An alternative method of entropy coding, known as arithmetic coding, can also be used to convert the run and level values into variable length codewords. In arithmetic coding a group of data symbols, for example the run and level values for a block of quantised transform coefficients, are coded as a single floating point decimal number. This approach to entropy coding, in which a group of symbols is encoded using a single codeword, can lead to improved compression efficiency compared with methods such as variable length coding, which represent each symbol independently. Further details concerning arithmetic coding can be found from Vasudev Bhaskaran and Konstantinos Konstantinides “Image and Video Compression Standards” 2nd Edition, Kluwer Academic Publishers, 1999, ISBN 0-7923-9952-8, Section 2.9, for example.

Once the run and level values have been entropy coded using an appropriate method, the video multiplex coder 170 further combines them with control information (e.g. 122, 123, 124 in FIG. 1), also entropy coded using a method appropriate for the kind of information in question, to form a single compressed bit-stream of coded image information 135. While entropy coding has been described in connection with operations performed by the video multiplex coder 170, it should be noted that in alternative implementations a separate entropy coding unit may be provided.

A locally decoded version of each INTRA-coded macroblock is also formed in the encoder 100. This is done by passing the quantised transform coefficients for each block of the macroblock, output by quantiser 106, through inverse quantiser 108 and applying an inverse DCT transform in inverse transformation block 110. In this way a reconstructed array of pixel values is constructed for each block of the macroblock. The resulting decoded image data is input to combiner 112. In INTRA-coding mode, switch 114 is set so that the input to the combiner 112 via switch 114 is zero. In this way, the operation performed by combiner 112 is equivalent to passing the decoded image data unaltered.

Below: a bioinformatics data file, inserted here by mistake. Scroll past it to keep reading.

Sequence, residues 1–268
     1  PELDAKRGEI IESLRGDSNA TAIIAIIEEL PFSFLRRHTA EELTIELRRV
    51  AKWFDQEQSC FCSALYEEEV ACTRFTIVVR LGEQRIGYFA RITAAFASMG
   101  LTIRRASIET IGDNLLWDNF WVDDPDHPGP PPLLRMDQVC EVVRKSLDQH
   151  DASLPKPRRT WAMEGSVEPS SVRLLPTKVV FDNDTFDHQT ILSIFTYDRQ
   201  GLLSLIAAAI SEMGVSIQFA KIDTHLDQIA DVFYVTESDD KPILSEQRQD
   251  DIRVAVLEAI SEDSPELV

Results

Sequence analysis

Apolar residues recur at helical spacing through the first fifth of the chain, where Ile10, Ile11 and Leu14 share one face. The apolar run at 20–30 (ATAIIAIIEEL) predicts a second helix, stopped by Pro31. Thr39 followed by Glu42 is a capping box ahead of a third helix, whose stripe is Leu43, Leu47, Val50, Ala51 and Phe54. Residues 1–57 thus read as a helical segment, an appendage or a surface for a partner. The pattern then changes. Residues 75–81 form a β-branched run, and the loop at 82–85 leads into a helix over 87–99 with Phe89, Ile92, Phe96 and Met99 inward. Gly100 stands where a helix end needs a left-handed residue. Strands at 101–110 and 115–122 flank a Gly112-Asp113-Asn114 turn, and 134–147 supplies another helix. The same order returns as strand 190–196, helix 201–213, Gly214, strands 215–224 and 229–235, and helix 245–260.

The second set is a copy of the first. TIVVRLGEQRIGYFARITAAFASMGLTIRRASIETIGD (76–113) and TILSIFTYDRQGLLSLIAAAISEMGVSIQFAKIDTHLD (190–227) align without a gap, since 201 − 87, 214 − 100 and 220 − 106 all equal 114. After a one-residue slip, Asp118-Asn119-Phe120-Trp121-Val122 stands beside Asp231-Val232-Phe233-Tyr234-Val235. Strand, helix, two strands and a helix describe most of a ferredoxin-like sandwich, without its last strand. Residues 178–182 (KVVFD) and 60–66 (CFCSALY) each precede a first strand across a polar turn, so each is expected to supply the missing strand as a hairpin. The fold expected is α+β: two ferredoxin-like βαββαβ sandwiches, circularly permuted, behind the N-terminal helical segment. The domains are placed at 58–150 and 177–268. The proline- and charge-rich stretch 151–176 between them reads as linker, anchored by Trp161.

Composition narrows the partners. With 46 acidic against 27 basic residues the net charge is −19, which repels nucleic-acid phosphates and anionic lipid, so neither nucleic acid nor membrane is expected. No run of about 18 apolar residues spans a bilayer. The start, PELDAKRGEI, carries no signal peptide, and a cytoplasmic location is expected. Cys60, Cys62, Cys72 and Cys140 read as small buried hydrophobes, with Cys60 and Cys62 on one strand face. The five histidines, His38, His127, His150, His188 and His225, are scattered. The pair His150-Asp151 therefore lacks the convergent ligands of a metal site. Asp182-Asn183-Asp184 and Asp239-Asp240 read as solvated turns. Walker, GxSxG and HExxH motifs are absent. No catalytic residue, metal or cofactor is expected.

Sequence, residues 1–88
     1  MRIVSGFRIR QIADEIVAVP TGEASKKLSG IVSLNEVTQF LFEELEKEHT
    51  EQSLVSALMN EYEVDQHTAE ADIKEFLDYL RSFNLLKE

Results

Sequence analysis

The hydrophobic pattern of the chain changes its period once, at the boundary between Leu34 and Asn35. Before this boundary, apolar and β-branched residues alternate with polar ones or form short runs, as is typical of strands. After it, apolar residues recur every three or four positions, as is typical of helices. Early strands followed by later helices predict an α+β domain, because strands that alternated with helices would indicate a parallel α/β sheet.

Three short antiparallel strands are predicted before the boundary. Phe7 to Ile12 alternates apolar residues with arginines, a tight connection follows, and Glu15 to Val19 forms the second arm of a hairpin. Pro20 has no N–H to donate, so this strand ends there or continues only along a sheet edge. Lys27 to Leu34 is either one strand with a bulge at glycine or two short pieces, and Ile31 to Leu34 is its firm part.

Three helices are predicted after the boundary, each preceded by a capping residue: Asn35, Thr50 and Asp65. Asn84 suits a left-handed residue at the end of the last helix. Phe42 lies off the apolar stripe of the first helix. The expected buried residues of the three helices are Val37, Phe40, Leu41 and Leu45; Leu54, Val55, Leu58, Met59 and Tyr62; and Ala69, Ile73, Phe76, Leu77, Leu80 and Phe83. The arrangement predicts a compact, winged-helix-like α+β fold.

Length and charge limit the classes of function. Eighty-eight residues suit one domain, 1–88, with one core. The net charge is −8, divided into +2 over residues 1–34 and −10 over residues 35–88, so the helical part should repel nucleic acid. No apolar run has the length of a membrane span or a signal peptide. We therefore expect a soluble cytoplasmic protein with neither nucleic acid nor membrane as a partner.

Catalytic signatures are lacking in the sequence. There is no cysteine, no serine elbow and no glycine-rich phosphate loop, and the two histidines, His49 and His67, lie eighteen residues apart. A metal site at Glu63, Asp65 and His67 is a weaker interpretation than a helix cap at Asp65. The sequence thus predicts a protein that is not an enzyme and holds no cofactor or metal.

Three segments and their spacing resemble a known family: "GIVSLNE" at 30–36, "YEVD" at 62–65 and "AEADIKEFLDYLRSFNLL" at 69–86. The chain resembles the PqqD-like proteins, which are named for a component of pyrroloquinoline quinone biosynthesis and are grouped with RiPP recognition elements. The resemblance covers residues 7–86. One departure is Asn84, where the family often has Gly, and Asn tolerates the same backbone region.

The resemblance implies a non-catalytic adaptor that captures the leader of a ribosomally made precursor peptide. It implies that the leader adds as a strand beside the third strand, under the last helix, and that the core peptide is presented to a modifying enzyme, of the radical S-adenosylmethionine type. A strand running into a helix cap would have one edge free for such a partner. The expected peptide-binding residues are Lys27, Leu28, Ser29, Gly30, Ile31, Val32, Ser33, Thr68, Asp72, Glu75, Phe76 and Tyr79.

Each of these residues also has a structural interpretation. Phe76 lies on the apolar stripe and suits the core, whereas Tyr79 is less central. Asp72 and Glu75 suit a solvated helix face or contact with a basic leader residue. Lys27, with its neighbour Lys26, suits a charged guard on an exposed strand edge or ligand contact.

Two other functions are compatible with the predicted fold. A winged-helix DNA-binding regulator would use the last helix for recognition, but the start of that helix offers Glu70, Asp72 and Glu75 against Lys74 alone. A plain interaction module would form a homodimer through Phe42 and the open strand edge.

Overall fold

As subsequent macroblocks of the current frame are received and undergo the previously described encoding and local decoding steps in blocks 104, 106, 108, 110 and 112, a decoded version of the INTRA-coded frame is built up in frame store 120. When the last macroblock of the current frame has been INTRA-coded and subsequently decoded, the frame store 120 contains a completely decoded frame, available for use as a prediction reference frame in coding a subsequent video frame in INTER-coded format.

Operation of the encoder 100 in INTER-coding mode will now be described. In INTER-coding mode, the control manager 160 operates switch 102 to receive its input from line 117, which comprises the output of combiner 116. The combiner 116 receives the video input signal macroblock by macroblock from input 101. As combiner 116 receives the blocks of luminance and chrominance values which make up the macroblock, it forms corresponding blocks of prediction error information. The prediction error information represents the difference between the block in question and its prediction, produced in motion compensated prediction block 150. More specifically, the prediction error information for each block of the macroblock comprises a two-dimensional array of values, each of which represents the difference between a pixel value in the block of luminance or chrominance information being coded and a decoded pixel value obtained by forming a motion-compensated prediction for the block, according to the procedure described below. Thus, in a situation where each macroblock comprises, for example, an assembly of 4×4 blocks comprising luminance and chrominance values the prediction error information for each block of the macroblock similarly comprises a 4×4 array of prediction error values.